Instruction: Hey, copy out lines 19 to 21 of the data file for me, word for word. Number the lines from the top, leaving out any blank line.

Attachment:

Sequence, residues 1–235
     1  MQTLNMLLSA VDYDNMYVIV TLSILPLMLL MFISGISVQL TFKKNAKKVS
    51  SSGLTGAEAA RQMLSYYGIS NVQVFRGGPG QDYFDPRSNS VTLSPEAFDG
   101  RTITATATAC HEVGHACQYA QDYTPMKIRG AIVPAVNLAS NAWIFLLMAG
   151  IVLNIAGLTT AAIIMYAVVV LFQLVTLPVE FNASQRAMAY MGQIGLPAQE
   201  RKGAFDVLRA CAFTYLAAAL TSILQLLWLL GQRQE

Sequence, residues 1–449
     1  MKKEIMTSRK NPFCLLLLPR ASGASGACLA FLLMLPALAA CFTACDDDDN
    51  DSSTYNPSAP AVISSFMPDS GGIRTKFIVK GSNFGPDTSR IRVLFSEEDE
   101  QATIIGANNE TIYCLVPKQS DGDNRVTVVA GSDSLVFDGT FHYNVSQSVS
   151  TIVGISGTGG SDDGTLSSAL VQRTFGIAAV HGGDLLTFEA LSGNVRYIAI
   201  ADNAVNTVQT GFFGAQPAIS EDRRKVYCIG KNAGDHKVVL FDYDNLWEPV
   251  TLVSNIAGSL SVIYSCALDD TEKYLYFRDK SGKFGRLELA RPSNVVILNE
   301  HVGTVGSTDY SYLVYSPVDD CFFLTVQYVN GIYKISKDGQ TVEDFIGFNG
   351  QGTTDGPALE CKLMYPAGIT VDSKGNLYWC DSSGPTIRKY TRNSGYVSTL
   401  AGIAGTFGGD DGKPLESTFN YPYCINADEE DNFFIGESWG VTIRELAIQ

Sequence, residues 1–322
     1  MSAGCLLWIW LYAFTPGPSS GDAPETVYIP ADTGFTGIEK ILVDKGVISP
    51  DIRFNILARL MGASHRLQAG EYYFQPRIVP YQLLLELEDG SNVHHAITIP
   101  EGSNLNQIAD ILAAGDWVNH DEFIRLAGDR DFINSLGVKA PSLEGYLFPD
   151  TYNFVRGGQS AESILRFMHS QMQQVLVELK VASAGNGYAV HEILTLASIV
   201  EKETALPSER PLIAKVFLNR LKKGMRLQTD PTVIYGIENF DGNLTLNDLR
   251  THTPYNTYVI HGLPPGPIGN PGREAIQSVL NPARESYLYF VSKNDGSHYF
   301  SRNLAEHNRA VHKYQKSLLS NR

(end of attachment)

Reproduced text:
    51  DIRFNILARL MGASHRLQAG EYYFQPRIVP YQLLLELEDG SNVHHAITIP
   101  EGSNLNQIAD ILAAGDWVNH DEFIRLAGDR DFINSLGVKA PSLEGYLFPD
   151  TYNFVRGGQS AESILRFMHS QMQQVLVELK VASAGNGYAV HEILTLASIV